DEPRESSION: IT IS MORE THAN ‘JUST A BAD DAY’
William Styron, in his memoir Darkness visible, has vividly explained about his tryst with depression, comparing the pain and agony of mental health as that of a heart attack. He defines depression as the ‘grey drizzle of unrelenting horror’.
Depression is no longer a dark, terrible secret which you need to hide from the world. More and more people are now ready to break their silence about this perennial plague of the human mind which had been concealed by cultural baggage all these years. The earliest understanding of depression was a spiritual condition caused by demonic possession. It was Hippocrates who described it as a disease named ‘melancholia’, but he included all kinds of quiet insanity under this term. This concept was repeatedly moulded and reconceived, to give rise to our current understanding of depression.
What is Depression?
Depression is a mood disorder that causes distressing symptoms with a persistent feeling of sadness, pessimism, guilt, or hopelessness that can last for weeks, months, or years.
According to WHO, depression is the leading cause of disability in the world. It comes in various forms, but as it is intangible and imperceptible, it is a lot difficult to diagnose, empathise, and understand the situation. It is important to understand the difference between clinical depression and feeling sad. Almost everyone feels blue from time to time; failing an examination, an illness, losing a loved one, or even an argument can make you sad. This is completely normal and as the situation changes, we learn to cope with our emotions and return to normalcy.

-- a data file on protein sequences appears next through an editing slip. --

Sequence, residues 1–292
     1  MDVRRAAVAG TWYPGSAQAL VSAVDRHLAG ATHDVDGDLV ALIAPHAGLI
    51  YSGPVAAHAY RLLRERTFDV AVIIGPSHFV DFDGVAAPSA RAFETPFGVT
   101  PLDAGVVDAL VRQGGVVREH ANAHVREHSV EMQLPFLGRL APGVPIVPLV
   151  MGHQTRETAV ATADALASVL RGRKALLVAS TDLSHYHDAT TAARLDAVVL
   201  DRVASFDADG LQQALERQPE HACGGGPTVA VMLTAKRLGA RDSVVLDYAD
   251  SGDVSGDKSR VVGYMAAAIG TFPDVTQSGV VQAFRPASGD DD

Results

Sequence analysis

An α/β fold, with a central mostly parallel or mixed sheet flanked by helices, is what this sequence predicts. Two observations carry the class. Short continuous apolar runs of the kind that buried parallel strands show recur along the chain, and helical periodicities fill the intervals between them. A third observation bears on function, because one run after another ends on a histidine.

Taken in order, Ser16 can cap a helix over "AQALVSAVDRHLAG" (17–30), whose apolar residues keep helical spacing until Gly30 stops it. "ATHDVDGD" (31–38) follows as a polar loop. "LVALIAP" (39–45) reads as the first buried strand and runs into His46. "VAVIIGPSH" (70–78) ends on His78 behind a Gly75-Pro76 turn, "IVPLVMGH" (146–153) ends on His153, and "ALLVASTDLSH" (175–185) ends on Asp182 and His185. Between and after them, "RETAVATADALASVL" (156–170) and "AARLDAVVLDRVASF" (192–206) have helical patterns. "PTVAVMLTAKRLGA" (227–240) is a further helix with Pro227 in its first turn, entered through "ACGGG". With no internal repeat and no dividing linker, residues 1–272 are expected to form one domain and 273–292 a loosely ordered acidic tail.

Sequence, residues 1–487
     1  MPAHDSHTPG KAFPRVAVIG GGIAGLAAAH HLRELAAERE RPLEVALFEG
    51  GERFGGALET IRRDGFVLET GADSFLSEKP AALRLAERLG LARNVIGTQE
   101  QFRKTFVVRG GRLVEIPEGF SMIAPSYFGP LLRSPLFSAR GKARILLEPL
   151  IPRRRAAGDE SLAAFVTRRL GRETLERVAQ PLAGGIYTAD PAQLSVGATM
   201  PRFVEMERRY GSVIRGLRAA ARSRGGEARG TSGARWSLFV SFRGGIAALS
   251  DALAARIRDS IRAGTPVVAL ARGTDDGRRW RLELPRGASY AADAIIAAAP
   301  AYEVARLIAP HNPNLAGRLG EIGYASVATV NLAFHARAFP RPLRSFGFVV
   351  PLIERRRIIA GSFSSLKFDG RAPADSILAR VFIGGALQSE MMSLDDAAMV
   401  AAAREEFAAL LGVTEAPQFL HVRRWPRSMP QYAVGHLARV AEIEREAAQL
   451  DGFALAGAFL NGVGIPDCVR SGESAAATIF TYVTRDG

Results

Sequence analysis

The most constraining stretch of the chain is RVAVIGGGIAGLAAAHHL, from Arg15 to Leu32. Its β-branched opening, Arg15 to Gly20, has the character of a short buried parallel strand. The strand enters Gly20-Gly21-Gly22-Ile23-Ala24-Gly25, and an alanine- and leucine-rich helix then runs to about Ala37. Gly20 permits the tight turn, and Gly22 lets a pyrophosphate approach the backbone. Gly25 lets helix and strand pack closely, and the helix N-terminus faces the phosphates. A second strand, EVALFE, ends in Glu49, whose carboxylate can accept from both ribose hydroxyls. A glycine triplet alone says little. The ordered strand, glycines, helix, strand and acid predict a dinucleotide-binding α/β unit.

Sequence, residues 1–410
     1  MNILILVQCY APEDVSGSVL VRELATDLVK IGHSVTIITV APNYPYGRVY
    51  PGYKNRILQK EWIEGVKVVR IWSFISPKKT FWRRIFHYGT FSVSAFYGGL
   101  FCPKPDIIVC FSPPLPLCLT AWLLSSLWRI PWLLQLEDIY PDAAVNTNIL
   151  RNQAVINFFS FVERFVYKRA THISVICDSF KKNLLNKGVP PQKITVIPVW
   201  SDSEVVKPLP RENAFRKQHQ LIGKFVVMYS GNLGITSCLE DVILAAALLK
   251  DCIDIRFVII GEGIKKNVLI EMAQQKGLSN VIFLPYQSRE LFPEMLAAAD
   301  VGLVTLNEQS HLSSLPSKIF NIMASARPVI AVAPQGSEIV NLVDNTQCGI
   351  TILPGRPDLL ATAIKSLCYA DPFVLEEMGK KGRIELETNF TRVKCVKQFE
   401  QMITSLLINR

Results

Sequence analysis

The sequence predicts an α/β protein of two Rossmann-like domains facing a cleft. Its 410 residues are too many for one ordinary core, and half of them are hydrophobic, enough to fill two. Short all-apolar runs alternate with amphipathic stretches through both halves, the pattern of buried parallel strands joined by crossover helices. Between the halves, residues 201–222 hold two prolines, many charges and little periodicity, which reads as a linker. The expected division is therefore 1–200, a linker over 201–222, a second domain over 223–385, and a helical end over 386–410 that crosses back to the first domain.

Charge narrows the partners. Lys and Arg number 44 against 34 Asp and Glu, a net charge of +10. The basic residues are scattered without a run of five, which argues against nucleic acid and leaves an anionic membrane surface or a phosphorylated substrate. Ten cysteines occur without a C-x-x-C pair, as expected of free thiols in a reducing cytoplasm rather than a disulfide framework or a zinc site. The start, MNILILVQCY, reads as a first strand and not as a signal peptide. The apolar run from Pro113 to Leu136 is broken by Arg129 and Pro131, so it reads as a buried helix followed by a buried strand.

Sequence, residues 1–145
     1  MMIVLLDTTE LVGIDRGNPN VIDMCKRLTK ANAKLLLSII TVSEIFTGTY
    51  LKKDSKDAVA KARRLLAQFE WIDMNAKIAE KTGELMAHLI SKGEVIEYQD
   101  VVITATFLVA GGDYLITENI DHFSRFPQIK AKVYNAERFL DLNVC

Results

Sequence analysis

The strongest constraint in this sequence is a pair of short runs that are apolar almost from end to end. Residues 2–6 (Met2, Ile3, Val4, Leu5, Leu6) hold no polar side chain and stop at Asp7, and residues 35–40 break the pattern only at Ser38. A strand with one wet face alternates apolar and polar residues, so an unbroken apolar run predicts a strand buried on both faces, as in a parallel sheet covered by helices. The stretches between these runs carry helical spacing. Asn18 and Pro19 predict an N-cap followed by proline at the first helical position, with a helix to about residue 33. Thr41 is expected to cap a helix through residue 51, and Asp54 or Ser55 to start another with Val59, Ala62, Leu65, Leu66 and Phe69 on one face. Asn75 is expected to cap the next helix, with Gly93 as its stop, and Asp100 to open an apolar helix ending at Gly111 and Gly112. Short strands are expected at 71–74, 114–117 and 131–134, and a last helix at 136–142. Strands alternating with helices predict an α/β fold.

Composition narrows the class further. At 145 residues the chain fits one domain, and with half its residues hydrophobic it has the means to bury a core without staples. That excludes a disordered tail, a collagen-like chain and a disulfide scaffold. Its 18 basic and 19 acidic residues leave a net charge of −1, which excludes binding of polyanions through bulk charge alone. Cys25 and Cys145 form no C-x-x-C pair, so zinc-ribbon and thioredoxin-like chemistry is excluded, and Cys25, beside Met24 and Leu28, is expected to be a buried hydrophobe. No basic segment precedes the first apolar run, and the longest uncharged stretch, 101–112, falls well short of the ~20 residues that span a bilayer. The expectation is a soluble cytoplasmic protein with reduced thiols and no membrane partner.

Clinical depression on the other hand is a debilitating medical condition that continues for at least two or more weeks consecutively, significantly affecting physical, emotional, social wellbeing and interfering with the ability to work. Sometimes it may also be accompanied by anxiety, as both of them stem from the same vulnerability. Because of its complexity, understanding depression has been elusive, yet even in the most severe cases, depression is highly treatable.
Neuroscientists still don’t have the real answer as to what exactly causes depression. It is a result of a complex interaction of genetic, biological, and psychological factors that may be caused by faulty mood regulation by the brain and triggered by a negative experience or a stressful condition. We all have to encounter stressful events at some point in life, and we all feel sad, but not everyone develops a mood disorder. Our genetic makeup influences how we react to the situation. Negative life events or stress set-in a negative thought pattern or a habit of ruminating on the experience, that lead to a downward spiralling of mood. Depression is often cyclical and subsequent episodes may occur without any trigger.
Changes in hormonal levels like menopause, childbirth or thyroid disorders, or seasonal variations can also lead to the onset of depression.
Symptoms of depression
Symptoms of depression may occur only once or recurrent and sometimes, last a lifetime. It might occur without any reason or may be precipitated by a life event. The severity of symptoms varies widely from person to person, but there are some standard symptoms, which affect the way you act and thereby impact your relationships.
- Low mood and feeling sad almost every day.
- Lack of interest in activities previously enjoyed.